HSBC Main Building (Chinese: 香港滙豐總行大廈) is a headquarters building of The Hongkong and Shanghai Banking Corporation, which is today a wholly owned subsidiary of London based HSBC Holdings. It is located along the southern side of Statue Square near the location of the old City Hall, Hong Kong (built in 1869, demolished in 1933). The previous HSBC building was built in 1935 and pulled down to make way for the current building. The address remains as 1 Queen's Road Central. The building can be reached from Exit K of Central MTR Station and facing Statue Square.
The second design of the HSBC headquarters building, used from 1886 to 1933. The first HSBC (then known as the Hong Kong and Shanghai Banking Company Limited) building was Wardley House, used as HSBC office between 1865 to 1882 on the present site. In 1864 the lease cost HKD 500 a month. After raising a capital of HKD 5 million, the bank opened its door in 1865. It was demolished in 1886 and rebuilt in the same year.
The main feature of the second building design was the division of the structure into two almost separate buildings. The building on Queen's Road Central was in Victorian style with a verandah, colonnades and an octagonal dome, whereas the arcade which harmonised with the adjacent buildings was constructed on Des Voeux Road. The third design of the HSBC headquarters building in 1936
In 1935, the second building was demolished and a third design was erected. The third design used part of the land of the old City Hall, and was built in a mixed Art Deco and Stripped Classical style. During the Japanese occupation of Hong Kong, the building served as the government headquarters. Locally, it was the first building in Hong Kong to be fully air-conditioned.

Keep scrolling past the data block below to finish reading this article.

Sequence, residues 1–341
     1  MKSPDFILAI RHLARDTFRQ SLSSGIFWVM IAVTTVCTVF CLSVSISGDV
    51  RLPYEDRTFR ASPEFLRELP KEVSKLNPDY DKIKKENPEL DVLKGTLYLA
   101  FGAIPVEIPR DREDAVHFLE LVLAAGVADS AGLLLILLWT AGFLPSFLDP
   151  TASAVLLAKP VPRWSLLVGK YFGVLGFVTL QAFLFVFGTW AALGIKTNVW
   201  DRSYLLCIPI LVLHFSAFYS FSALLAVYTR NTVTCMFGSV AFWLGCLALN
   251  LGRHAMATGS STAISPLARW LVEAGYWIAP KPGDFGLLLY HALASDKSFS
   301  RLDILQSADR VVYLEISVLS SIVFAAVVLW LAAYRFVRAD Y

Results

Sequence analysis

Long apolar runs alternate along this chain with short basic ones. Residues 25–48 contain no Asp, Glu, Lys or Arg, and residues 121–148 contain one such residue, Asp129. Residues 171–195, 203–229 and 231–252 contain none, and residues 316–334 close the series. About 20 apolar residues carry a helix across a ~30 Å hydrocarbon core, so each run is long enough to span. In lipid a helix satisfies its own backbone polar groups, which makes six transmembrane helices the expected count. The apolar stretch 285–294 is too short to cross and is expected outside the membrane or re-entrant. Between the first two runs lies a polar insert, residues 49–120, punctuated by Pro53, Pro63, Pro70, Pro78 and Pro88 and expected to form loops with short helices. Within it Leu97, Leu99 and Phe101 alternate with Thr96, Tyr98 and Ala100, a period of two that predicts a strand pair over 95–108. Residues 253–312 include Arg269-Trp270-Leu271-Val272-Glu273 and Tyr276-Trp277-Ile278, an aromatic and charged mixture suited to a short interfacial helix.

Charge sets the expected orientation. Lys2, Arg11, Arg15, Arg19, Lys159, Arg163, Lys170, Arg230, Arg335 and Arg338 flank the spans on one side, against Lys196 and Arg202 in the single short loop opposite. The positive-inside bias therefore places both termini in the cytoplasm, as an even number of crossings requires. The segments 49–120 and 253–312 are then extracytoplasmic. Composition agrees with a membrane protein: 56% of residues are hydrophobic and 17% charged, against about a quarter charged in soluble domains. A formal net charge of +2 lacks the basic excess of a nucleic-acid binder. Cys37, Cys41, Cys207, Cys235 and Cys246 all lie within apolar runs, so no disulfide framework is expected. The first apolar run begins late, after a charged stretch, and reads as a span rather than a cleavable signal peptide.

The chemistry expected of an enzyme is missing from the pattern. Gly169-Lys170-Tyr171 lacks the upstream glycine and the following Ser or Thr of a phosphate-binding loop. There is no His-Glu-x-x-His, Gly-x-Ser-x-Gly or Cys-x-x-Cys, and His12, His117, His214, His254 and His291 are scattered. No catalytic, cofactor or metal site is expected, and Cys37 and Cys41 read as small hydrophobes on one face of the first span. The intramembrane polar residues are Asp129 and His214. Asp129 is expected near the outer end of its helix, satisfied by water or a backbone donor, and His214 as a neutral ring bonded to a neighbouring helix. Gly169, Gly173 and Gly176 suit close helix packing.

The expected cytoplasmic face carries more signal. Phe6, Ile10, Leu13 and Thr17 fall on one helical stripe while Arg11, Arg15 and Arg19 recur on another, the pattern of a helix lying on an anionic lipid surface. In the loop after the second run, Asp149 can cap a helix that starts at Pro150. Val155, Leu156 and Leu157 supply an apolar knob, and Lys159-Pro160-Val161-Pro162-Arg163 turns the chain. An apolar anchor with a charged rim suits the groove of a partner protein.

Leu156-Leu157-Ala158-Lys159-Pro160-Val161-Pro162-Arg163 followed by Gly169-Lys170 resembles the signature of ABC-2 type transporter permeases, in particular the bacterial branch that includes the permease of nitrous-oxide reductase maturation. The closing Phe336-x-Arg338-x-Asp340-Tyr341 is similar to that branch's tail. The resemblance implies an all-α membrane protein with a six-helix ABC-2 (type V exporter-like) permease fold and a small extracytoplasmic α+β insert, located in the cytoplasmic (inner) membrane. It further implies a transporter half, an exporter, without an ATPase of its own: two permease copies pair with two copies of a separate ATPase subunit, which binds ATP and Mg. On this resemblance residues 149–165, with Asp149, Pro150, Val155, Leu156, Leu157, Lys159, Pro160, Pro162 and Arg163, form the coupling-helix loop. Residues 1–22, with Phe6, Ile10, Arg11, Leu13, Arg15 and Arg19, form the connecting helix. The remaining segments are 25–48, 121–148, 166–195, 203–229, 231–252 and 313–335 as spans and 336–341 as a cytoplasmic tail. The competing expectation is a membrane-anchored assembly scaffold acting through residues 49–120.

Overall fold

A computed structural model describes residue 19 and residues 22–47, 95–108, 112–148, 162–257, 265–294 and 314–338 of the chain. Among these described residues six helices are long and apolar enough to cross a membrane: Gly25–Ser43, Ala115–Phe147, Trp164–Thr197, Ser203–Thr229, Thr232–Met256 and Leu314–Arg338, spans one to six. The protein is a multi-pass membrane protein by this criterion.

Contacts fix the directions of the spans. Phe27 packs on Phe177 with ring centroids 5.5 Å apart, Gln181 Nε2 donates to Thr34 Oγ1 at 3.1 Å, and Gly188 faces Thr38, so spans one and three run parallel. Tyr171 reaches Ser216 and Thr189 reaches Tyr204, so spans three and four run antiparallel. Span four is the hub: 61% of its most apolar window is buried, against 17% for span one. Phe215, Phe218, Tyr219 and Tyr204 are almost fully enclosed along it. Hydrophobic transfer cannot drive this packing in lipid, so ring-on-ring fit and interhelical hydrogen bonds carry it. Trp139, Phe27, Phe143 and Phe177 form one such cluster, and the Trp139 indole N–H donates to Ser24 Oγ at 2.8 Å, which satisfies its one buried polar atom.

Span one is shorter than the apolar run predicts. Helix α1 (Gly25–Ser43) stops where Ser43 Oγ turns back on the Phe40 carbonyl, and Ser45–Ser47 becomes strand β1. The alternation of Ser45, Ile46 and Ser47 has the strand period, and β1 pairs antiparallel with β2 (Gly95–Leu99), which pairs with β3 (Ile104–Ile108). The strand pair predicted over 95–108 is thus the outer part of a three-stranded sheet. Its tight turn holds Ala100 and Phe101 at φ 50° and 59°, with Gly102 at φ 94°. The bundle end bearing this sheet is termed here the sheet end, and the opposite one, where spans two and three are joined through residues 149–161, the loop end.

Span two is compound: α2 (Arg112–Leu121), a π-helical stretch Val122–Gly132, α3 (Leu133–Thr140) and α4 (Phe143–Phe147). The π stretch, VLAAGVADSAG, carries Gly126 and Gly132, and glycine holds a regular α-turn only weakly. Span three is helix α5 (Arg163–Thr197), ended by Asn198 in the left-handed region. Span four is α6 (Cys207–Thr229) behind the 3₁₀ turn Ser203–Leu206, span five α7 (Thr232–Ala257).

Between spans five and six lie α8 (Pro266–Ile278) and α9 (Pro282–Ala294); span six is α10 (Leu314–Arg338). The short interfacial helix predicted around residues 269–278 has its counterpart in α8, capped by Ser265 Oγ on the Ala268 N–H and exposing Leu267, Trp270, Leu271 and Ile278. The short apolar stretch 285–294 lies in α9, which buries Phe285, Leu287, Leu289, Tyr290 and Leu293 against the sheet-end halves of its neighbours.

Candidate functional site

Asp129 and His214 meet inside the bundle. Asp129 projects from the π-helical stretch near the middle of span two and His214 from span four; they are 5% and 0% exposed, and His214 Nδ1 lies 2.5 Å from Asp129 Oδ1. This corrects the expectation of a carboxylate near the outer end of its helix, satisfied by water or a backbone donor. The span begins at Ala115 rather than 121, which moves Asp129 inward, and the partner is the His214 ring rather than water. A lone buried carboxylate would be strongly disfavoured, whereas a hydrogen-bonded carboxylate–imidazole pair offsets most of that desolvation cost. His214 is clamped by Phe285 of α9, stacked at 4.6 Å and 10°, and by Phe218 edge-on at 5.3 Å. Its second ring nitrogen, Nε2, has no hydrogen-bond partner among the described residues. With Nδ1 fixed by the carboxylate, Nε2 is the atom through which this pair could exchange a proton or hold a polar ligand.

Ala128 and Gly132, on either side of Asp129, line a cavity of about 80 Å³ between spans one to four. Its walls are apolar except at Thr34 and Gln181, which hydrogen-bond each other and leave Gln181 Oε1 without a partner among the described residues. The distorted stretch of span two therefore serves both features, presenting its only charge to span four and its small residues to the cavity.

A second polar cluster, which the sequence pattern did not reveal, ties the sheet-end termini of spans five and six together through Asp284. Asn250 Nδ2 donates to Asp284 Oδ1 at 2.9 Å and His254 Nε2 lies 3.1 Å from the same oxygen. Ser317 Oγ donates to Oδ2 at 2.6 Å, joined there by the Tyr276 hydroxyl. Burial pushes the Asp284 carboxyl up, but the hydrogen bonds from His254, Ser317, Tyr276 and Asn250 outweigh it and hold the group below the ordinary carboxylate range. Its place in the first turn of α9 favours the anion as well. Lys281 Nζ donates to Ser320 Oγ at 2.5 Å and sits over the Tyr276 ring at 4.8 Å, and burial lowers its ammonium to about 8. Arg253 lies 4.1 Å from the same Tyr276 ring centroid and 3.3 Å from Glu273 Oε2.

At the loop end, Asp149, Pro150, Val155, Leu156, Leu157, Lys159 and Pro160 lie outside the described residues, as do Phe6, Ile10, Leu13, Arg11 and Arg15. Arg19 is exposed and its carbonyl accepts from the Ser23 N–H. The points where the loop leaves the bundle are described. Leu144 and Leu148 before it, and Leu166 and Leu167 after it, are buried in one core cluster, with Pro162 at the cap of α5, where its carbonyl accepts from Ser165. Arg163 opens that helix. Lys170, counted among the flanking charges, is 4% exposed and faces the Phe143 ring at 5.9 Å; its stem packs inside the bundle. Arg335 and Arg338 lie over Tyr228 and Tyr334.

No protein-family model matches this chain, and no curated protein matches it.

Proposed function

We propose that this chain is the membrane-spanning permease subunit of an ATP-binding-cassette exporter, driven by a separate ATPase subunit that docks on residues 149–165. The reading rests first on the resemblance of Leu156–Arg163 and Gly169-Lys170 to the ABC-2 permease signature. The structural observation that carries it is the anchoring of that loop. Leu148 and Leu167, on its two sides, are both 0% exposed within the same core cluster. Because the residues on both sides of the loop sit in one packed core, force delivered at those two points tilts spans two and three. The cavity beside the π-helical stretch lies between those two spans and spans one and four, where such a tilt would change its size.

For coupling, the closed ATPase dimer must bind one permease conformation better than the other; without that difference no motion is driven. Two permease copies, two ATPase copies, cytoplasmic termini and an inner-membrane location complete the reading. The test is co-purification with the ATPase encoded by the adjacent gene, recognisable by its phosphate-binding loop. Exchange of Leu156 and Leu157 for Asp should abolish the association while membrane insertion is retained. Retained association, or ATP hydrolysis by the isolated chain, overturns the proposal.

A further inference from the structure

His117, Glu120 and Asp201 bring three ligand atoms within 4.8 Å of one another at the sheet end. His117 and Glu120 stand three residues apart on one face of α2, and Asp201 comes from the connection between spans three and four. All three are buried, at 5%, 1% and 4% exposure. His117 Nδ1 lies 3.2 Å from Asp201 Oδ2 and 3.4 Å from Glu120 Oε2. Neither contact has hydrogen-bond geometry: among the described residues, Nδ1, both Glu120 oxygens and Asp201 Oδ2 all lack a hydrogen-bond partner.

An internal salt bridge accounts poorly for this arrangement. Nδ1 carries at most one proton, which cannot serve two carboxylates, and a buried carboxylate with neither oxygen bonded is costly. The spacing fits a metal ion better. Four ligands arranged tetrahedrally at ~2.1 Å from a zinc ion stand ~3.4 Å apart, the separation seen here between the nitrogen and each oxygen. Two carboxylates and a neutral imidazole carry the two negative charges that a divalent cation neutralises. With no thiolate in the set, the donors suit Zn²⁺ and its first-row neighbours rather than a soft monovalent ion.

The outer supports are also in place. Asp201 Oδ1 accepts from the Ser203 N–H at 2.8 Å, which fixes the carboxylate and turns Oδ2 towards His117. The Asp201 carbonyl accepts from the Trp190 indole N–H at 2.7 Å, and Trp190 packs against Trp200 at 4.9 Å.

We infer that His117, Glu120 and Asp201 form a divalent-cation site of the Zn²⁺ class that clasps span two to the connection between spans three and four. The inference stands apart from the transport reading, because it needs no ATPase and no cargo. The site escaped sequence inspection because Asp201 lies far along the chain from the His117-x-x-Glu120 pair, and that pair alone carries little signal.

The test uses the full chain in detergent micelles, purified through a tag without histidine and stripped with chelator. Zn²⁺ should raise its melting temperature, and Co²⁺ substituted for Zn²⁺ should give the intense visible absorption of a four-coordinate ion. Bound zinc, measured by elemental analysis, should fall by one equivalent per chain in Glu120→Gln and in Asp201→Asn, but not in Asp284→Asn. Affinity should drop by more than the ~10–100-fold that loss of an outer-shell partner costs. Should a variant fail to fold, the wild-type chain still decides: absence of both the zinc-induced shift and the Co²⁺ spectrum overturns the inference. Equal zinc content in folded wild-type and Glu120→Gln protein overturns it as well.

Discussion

The new building was designed by the British architect Lord Norman Foster and Civil & Structural Engineers Ove Arup & Partners (J. Roger Preston & Partners Engineering) and was constructed by Wimpey International. From the concept to completion, it took 7 years (1978–1985). The building is 180-metres high with 47 storeys and four basement levels. The building has a module design consisting of five steel modules prefabricated in the UK by Scott Lithgow Shipbuilders near Glasgow, and shipped to Hong Kong. 30,000 tons of steel and 4,500 tons of aluminium were used.
The main characteristic of HSBC Hong Kong headquarters is its absence of internal supporting structure. Another notable feature is that natural sunlight is the major source of lighting inside the building. There is a bank of giant mirrors at the top of the atrium, which can reflect natural sunlight into the atrium and hence down into the plaza. Through the use of natural sunlight, this design helps to conserve energy. Additionally, sun shades are provided on the external facades to block direct sunlight going into the building and to reduce heat gain. Instead of fresh water, sea water is used as coolant for the air-conditioning system.
The early British settlers in Hong Kong had an interest in Feng Shui; thus, most of the earliest buildings in Hong Kong, and many buildings constructed thereafter, were built with the philosophies of Feng Shui in mind. The Chinese believe that those who have a direct view of a body of water—whether it is a river, a sea, or an ocean—are more likely to prosper than those who do not (water is strongly associated with wealth in Feng Shui). The HSBC building has a wide open area (the Statue Square) in front of it, with no other buildings blocking its view of Victoria Harbour; thus, it is considered to have "good feng shui"